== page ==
Vegetable farming continues despite NGT ban on it since 2015
Vegetable farming on the floodplains of the Yamuna continues unabated despite a ban by the National Green Tribunal (NGT) in 2015. It was only in December 2018 that the Delhi government proposed to launch an awareness campaign to dissuade citizens from eating vegetables grown on the river’s banks as they contain toxins.
“A public awareness campaign was agreed to be undertaken for discouraging agriculture and cultivation of vegetables on the Yamuna floodplain and by dissuading people from eating such produce as it leads to entry of toxins in the food chain,” stated a record note of discussions of a meeting held by a NGT-appointed committee.
In 2015, the NGT had directed that no authority shall permit and no person shall carry out any edible crops or fodder cultivation on the floodplain till Yamuna is made free and is restored to its natural wholesomeness.
A record note signed by the two members of the NGT-appointed committee, Shailaja Chandra and BS Sajwan, read, “ Since the pollution of the river has increased manifold, the monitoring committee requested that an early direction be given to the authorities concerned.”
Government officials said it is difficult to keep an eye on the entire floodplain or stop farmers from growing vegetable. A senior government officer, who did not wish to be named, said, “Within Delhi, the Zone O (River zone) is almost 52km long and 800 metres to 3.5 km wide, depending on the location.
In all it covers some 9,700 hectares. Yes, farming takes places in this zone but It is not possible to evict all farmers and stop farming without giving them an alternate source of income.”
Farmers, however, said if growing vegetables along the river is stopped then Delhi would have to depend on supplies from the neighbouring states which would not just lead to price rise but also citizens getting stale stock.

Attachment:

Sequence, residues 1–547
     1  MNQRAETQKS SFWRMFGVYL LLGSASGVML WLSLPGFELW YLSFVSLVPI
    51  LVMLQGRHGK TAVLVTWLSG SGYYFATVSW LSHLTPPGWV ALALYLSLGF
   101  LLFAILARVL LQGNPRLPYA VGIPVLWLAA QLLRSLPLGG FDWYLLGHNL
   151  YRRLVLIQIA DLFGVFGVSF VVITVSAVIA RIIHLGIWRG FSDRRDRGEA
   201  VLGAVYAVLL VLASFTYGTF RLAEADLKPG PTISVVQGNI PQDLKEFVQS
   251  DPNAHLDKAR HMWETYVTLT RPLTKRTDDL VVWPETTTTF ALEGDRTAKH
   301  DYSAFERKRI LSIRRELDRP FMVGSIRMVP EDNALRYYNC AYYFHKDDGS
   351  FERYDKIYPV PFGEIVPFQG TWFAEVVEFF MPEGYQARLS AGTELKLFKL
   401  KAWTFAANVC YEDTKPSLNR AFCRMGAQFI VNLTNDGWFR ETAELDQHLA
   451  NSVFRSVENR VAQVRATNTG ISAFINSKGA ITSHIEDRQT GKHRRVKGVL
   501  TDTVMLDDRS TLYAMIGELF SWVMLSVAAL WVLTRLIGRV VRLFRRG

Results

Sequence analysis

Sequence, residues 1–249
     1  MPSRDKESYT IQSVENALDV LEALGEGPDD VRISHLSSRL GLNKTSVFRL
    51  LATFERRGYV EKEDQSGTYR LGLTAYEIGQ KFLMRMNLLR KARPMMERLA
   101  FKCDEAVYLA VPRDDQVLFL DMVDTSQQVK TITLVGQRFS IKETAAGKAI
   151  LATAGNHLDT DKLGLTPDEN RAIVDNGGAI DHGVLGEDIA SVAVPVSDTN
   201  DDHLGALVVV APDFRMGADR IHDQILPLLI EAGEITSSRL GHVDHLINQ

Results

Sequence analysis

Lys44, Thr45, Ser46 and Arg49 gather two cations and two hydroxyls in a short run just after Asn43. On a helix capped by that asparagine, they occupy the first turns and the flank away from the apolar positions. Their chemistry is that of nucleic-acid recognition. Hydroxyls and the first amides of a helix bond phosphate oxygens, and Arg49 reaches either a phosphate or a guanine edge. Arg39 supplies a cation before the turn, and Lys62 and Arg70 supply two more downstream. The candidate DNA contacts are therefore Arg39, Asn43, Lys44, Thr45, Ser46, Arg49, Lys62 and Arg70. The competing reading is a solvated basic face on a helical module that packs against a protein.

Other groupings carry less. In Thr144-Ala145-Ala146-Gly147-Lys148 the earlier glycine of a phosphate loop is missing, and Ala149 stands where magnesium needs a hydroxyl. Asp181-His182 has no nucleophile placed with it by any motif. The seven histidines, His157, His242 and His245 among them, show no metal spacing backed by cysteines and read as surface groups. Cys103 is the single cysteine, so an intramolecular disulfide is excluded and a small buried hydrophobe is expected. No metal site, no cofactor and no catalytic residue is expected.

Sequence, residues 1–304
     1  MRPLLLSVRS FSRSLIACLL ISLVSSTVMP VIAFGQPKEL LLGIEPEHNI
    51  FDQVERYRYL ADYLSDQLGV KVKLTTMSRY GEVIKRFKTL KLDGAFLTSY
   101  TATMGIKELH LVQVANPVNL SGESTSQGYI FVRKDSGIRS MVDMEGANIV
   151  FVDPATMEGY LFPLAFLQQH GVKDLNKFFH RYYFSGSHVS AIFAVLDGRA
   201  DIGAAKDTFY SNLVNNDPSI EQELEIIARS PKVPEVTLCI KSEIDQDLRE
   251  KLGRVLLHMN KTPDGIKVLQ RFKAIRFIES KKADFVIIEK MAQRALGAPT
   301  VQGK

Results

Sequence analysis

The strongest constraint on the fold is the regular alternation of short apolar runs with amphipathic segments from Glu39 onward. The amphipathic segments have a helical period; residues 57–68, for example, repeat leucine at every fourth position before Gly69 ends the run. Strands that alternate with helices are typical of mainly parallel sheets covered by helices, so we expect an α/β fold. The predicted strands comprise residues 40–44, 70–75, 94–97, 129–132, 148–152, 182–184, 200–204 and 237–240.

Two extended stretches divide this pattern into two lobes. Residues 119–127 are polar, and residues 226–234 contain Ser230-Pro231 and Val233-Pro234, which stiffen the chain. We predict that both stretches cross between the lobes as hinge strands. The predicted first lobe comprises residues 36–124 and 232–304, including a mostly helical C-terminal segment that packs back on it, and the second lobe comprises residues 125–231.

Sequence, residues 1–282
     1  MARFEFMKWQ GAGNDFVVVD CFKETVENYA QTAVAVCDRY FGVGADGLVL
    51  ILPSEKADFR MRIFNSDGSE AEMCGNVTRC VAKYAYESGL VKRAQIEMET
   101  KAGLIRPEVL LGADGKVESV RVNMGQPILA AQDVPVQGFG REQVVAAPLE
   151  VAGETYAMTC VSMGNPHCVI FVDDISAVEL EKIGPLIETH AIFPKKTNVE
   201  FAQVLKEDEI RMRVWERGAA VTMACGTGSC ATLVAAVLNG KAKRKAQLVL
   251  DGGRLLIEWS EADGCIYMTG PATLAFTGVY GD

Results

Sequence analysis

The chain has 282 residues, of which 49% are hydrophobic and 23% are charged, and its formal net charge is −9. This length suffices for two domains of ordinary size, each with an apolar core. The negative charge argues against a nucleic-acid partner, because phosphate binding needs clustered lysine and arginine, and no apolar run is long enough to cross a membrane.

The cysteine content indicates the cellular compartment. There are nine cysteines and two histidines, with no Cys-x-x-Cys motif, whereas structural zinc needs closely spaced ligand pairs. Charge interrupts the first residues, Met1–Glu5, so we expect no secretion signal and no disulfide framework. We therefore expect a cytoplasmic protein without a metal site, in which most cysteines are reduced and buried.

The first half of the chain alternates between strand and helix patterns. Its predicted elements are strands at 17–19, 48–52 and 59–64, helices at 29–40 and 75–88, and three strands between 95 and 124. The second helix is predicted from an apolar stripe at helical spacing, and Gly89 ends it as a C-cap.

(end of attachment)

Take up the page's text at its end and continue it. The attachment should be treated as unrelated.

Farming is carried out all along the Yamuna’s stretch which is more than 22 km long.
The concern stems from the notion that farmers depend on the polluted river water to irrigate the fields. Earlier studies by TERI, Toxics Link and other NGOs had suggested that the vegetables and soil samples contain high doses of metals such as lead, nickel chromium and mercury.
“Barring a few individuals, no farmer uses the dirty water from the Yamuna. Even those using the river water directly use it only to grow cattle feed. We use bore wells to use ground water that is safe,” said Nirbhay Singh, a farmer whose family owns nearly 600 bighas of land.
Farmers claimed that their products are regularly tested by the Indian Agricultural Research Institute (IARI) and levels of pesticides have been found to be within safe limits. The interim report submitted by the NGT-committee in the green court suggested that farmers should be made aware of the adverse effects associated with excess use of certain pesticides, insecticides, chemical fertilizers, irrigation water (if contaminated) during cultivation. Organic farming may also be explored in these areas.
The NEERI report also says that farmers may be asked to maintain details of their land under cultivation, type of crops grown, quantity and source of water used, type and quantity of fertilizers, pesticides or any other substance used for different crops in different seasons. This would help to keep a tab on the farming practices, the report suggests.